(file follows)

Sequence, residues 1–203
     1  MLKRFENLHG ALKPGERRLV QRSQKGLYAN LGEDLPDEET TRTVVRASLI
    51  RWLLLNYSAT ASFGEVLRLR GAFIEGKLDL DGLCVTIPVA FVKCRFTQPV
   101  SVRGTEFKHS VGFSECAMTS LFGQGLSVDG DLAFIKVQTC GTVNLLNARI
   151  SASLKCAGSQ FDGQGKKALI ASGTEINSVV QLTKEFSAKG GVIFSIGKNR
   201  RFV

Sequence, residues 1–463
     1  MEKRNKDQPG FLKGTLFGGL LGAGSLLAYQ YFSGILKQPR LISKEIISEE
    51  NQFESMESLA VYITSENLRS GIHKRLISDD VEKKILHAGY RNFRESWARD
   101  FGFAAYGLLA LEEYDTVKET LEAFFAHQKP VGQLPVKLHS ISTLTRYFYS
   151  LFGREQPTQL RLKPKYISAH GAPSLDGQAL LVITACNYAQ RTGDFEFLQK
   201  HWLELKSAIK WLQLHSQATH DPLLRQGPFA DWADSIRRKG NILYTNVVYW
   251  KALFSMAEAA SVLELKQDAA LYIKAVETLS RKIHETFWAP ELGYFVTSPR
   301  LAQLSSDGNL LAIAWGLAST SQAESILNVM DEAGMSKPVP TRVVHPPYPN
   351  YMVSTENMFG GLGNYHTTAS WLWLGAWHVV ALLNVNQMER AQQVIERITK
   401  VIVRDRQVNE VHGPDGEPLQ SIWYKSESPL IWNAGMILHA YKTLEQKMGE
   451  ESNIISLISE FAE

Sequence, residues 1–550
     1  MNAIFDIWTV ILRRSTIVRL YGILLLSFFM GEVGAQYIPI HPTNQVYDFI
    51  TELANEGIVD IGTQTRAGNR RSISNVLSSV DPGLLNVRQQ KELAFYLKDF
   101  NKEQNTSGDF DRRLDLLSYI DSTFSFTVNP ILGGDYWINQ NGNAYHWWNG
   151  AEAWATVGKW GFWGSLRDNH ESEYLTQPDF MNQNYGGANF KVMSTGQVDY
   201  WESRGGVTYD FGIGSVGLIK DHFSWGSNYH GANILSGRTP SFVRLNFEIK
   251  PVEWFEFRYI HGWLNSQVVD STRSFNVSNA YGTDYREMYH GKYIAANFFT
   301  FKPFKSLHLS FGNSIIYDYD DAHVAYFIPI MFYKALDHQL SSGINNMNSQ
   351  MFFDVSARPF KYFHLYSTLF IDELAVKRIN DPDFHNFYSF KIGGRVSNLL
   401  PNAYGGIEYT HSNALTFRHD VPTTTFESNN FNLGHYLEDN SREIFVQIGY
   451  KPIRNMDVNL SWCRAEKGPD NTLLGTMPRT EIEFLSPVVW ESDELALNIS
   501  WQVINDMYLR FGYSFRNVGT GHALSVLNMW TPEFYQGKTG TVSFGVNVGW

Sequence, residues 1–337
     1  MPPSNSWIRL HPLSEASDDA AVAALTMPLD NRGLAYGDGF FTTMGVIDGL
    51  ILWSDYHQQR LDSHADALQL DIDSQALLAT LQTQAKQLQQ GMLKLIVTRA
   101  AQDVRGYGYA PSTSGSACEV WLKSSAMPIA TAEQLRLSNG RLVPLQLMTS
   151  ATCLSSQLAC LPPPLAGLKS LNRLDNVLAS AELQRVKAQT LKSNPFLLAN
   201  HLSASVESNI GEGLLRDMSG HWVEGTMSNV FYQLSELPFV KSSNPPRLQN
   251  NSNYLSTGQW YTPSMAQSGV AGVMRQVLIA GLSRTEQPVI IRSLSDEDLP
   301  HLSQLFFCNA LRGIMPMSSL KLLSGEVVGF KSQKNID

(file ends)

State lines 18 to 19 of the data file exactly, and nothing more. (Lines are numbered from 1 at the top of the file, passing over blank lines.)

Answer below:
Sequence, residues 1–550
     1  MNAIFDIWTV ILRRSTIVRL YGILLLSFFM GEVGAQYIPI HPTNQVYDFI